There’s nothing worse than trying to log in to an online account only to be told your password attempt is incorrect. If you’re tired of juggling different password combinations or having to reset a password after too many login attempts, it’s time to invest in a password management system.
Both LastPass and 1Password offer unique features to keep your passwords safe. Read on to find out which password management system is a better fit for your password needs.
The most fundamental feature that every password manager needs to get right is, of course, protecting your passwords. Both LastPass and 1Password utilize a master password system to lock up all of your other login credentials in a robust digital vault.
LastPass passwords are stored on its remote servers, but they are protected using 256-bit AES encryption. Although LastPass has been compromised at some points in the past, it’s excellent at rebounding with improved features and tighter security.
To make sure that your master password (and others) are secure, LastPass employs a “Security Challenge” that looks at the complexity of your passwords, then lets you know whether they’re strong enough. If they’re not, you can use its built-in password generator to create replacements that are far harder for humans and machines to guess.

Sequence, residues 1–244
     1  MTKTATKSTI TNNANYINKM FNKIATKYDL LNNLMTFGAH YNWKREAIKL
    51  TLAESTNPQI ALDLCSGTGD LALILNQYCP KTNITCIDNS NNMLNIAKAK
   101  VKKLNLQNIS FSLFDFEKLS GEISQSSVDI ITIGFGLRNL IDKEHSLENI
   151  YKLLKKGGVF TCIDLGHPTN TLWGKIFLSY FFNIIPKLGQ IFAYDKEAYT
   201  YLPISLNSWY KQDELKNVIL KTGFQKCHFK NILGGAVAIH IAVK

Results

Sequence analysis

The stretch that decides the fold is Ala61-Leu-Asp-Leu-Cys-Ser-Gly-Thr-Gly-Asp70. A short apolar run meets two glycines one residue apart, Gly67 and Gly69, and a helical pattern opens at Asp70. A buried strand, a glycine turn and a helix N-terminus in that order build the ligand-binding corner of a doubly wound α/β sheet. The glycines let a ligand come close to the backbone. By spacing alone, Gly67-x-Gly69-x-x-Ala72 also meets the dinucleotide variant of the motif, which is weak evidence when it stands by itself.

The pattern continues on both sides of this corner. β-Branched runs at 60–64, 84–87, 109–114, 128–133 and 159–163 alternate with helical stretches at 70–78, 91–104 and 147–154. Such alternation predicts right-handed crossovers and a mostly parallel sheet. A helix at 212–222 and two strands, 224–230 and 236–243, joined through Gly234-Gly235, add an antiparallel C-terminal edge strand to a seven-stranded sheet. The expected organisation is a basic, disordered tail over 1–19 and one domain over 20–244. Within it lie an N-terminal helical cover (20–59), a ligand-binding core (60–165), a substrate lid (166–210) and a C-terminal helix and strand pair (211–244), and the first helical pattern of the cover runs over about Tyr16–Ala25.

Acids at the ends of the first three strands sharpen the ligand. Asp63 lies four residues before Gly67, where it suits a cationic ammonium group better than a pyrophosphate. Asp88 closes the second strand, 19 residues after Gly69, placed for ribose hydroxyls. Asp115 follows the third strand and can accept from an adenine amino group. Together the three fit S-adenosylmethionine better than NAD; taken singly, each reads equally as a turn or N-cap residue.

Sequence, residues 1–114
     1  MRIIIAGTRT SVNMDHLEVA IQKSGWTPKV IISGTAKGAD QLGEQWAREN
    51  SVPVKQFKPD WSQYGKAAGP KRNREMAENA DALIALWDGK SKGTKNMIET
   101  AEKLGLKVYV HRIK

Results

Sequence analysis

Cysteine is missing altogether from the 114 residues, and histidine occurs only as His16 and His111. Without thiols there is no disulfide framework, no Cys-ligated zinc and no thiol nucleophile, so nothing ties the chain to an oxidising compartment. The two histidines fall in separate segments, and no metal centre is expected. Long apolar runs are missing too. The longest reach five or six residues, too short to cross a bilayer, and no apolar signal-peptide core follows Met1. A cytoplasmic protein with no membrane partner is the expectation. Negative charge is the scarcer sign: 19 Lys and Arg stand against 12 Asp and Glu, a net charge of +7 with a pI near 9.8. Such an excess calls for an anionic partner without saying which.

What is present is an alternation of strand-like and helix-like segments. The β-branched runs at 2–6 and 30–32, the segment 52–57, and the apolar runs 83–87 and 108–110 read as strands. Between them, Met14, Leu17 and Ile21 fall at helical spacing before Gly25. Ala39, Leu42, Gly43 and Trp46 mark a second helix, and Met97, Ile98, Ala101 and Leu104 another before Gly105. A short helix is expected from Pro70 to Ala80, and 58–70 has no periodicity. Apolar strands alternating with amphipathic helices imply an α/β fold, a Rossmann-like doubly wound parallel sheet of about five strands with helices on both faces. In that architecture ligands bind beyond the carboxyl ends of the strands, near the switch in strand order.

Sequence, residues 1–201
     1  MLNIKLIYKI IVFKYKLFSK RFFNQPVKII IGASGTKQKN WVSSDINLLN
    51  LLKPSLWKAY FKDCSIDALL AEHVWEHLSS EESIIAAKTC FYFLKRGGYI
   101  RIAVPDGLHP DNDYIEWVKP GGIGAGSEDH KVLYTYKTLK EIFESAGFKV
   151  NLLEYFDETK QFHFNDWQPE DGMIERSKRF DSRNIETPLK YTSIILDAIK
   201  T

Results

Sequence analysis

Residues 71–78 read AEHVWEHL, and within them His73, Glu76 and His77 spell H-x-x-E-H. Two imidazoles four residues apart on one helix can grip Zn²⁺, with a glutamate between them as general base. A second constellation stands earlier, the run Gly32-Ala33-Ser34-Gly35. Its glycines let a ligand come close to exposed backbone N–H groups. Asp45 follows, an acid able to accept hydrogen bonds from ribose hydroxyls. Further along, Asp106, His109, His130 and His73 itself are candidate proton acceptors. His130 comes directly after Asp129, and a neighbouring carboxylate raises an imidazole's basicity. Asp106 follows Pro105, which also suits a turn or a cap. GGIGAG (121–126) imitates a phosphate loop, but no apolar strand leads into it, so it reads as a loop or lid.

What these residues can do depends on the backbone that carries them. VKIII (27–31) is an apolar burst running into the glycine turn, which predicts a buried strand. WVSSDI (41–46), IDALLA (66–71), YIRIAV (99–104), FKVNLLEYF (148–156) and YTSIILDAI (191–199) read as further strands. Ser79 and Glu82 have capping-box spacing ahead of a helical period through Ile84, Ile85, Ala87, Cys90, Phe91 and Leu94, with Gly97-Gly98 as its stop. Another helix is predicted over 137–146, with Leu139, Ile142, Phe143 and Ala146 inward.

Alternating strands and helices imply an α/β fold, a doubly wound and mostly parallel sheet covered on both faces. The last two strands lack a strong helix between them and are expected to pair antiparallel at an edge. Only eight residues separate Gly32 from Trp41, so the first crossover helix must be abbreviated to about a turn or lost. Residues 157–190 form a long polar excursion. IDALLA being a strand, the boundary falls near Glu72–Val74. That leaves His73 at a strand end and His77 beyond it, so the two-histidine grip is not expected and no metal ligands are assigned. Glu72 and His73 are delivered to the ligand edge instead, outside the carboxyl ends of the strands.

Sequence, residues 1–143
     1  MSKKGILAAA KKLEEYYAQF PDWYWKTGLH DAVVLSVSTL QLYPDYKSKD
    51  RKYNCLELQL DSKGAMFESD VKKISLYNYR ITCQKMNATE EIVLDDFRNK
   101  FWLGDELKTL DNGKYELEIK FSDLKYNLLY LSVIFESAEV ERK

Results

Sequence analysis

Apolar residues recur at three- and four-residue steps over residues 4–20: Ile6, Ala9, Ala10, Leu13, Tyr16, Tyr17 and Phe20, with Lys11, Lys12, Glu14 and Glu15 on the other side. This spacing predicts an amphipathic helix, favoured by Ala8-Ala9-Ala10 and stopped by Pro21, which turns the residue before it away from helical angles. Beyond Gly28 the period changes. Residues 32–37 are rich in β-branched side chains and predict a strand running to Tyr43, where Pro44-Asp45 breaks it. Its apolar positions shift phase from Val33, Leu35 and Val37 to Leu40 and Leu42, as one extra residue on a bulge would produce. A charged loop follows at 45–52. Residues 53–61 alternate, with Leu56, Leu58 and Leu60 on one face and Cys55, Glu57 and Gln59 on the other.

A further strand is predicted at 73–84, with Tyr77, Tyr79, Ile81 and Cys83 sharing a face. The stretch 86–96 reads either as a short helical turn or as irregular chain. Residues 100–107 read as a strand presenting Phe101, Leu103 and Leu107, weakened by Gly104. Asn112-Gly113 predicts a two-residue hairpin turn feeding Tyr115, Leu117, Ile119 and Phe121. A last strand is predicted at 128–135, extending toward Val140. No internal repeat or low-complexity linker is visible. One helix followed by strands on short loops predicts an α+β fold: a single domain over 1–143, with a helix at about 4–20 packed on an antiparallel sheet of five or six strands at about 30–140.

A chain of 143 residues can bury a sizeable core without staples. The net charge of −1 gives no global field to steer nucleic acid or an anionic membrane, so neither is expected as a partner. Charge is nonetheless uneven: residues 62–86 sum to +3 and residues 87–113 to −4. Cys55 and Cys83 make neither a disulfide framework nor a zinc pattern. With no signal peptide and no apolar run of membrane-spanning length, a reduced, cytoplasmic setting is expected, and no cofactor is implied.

LastPass also offers multifactor authentication using several potential options, including its two-factor solution and those provided by third parties like Google.
In comparison, 1Password stores its password data locally and only copies it to the cloud for syncing across multiple devices. Just like LastPass, it encrypts all data before it leaves your PC with 256-bit AES encryption, so even if someone were to gain access to it, they wouldn’t be able to read it.
Along with a master password, 1Password utilizes a “secret key” that never leaves your login devices and is required for logins. That holds some advantages over multifactor authentication, though it does mean that 1Password does not have the option of hardware or software-based, third-party authentication systems. It does offer fingerprint logins for those who like to use biometrics to authenticate themselves.